Sen. Novelle Francis too raised the specter of a control board coming in, as has happened in Puerto Rico, while agreeing with critics that Gov. Kenneth Mapp had not set the best example.

Sens. Janette Millin Young, left, Positive Nelson and Alicia 'Chucky' Hansen confer during Tuesday's session. (Photo by Barry Leerdam, provided by the V.I. Legislature)
Sens. Janette Millin Young, left, Positive Nelson and Alicia ‘Chucky’ Hansen confer during Tuesday’s session. (Photo by Barry Leerdam, provided by the V.I. Legislature)

“I agree the governor continues to bring people in,” Francis said. “And the governor has given pay increases. … But that is not the purpose of the bill(s) … It is to save our teachers, to save our police officers.”

“Let’s not pass this, people are going to start going home. Then what are we going to do?” Sen. Marvin Blyden said.

Sen. Sammuel Sanes defended the unpopular tax increases, saying they were not made in a vacuum or
on a whim but were a collaboration and group effort with government officials, businesses and residents in the community.

“We went from a measure that was extravagant on its figures and we cut it down by 53 percent. Although, the bill passed we still can make revisions and work towards further amending it. There is no such thing as a perfect bill,” Sanes said.

“I am not willing to roll the dice and say that all the government officials who appeared before us are lying,” Sen. Kurt Vialet said. “I agree that whatever action is taken will be a bitter pill to swallow,” but once the situation is back under control they could potentially be repealed, he said.

Non-majority members of the Legislature uniformly, vehemently opposed the unpopular increases.

“I submitted a list of economic initiatives that are included in the Special Order. Take and use all of them and do not approve the Sin Tax measure,” Sen. Alicia “Chucky” Hansen said.

Referring to the majority she continued, “You have the power to preempt bills and that’s what is happening now. Why do you want to place taxes on the people? Let’s discuss alternative measures rather than kicking people out of business and out of their homes,” she said.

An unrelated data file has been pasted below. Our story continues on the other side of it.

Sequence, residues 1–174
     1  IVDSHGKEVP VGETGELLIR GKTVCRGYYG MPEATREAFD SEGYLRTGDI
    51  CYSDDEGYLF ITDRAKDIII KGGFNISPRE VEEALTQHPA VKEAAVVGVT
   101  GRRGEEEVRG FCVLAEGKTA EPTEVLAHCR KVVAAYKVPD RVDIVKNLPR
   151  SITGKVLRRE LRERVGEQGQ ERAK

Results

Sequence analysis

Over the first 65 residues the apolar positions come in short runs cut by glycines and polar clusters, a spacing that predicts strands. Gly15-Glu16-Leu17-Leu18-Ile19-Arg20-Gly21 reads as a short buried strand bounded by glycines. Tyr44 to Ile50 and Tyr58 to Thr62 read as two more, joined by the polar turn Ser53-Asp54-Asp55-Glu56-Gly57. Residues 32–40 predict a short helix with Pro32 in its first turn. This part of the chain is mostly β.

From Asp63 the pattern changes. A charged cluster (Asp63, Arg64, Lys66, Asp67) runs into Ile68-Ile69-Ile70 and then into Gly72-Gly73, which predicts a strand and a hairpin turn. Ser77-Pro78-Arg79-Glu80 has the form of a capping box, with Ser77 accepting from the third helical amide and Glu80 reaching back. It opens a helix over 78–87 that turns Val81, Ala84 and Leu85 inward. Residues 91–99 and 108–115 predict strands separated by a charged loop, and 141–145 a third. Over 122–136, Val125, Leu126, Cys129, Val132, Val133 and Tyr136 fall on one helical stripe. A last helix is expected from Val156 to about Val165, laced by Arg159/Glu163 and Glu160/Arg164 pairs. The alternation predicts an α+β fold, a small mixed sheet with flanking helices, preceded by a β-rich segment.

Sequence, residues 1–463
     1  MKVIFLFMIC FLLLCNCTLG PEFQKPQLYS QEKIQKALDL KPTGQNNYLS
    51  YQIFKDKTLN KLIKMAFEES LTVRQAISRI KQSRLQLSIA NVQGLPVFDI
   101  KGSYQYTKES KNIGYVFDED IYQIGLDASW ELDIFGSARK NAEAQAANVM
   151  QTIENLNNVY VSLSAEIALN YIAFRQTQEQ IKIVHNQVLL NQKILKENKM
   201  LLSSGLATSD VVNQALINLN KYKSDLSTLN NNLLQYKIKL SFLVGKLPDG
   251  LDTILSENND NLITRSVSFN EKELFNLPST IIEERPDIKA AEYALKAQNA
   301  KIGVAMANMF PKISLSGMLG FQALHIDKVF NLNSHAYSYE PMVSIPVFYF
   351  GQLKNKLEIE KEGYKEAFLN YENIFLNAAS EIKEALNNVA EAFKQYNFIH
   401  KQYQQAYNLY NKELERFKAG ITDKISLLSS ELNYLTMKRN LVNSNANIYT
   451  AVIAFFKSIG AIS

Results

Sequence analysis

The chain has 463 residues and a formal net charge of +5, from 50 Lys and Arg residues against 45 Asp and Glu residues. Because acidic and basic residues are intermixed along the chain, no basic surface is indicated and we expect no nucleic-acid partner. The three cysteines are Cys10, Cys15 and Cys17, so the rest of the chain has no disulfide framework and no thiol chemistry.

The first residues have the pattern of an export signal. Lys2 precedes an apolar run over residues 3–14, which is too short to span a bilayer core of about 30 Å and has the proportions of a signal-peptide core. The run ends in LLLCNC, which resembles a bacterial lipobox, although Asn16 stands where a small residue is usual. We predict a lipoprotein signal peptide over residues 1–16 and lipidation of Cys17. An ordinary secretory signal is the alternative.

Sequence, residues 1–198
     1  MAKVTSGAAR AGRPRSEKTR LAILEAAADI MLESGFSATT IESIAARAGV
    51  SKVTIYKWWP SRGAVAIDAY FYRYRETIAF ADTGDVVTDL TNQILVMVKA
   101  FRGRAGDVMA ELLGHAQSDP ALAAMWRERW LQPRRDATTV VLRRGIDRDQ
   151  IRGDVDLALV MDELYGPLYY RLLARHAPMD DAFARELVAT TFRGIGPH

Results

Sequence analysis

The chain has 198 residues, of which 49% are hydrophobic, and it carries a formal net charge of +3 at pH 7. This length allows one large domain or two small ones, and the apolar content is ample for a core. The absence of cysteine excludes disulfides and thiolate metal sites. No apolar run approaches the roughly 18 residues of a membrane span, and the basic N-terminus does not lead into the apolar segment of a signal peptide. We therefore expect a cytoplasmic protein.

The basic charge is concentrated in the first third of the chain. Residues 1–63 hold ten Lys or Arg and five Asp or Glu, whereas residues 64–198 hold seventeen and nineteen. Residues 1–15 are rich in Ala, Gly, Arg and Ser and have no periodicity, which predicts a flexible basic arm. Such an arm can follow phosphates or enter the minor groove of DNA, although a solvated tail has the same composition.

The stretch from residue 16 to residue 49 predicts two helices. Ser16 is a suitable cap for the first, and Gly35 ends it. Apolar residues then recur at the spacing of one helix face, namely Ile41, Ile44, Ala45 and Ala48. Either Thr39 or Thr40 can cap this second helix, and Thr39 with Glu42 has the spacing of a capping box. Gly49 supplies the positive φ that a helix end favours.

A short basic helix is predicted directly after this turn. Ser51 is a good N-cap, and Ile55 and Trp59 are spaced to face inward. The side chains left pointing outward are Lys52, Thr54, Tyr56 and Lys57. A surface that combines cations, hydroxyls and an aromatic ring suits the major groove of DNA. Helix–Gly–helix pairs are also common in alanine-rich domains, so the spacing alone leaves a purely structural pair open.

Hansen has not presented any data suggesting any of her proposals would generate similar amounts of money as the proposed taxes. At least one of her ideas; removing the requirement that businesses pay their taxes before they get or renew a business license, appears likely to reduce tax revenues by reducing the incentives to pay them. Another; extending the date of the Hotel Development Act, extends generous tax breaks for hotel developers that have not, so far, generated the hoped-for hotel development. Hansen also proposed selling off government-owned land. Assuming there is a market for the land, that would provide a one-time windfall, followed by some increase in ongoing property taxes, so long as the property is not sold to companies receiving EDA or RTPark tax breaks, and no government agency rented any of it back. She has also proposed tax increases on the territory’s one casino and two slot machine parlors, as an alternative to increasing taxes on alcohol and tobacco.

Sen. Positive Nelson argued the government should perform an audit of itself before increasing taxes.

“More money, more money, show me the money. None of us have a true account of this government. It would be easier for me to support this bill if there was a full audit on the Government of the Virgin Islands, the land and the workforce. We also need to evaluate the overall financial system,” Nelson said.

The legislation approved Tuesday adds about 25 cents in new taxes to the cost of beer and $11 to the cost of a carton of cigarettes. Liquor taxes remain about $6 per case, or 50 cents per bottle, after an amendment Tuesday.

Real estate taxes will not go up, but those claiming exemptions will not be able to reduce their property tax bills to less than $360. If the tax bill is already less than $360 without exemptions, the tax bill will be unchanged. The law applies only to taxpayers claiming exemptions.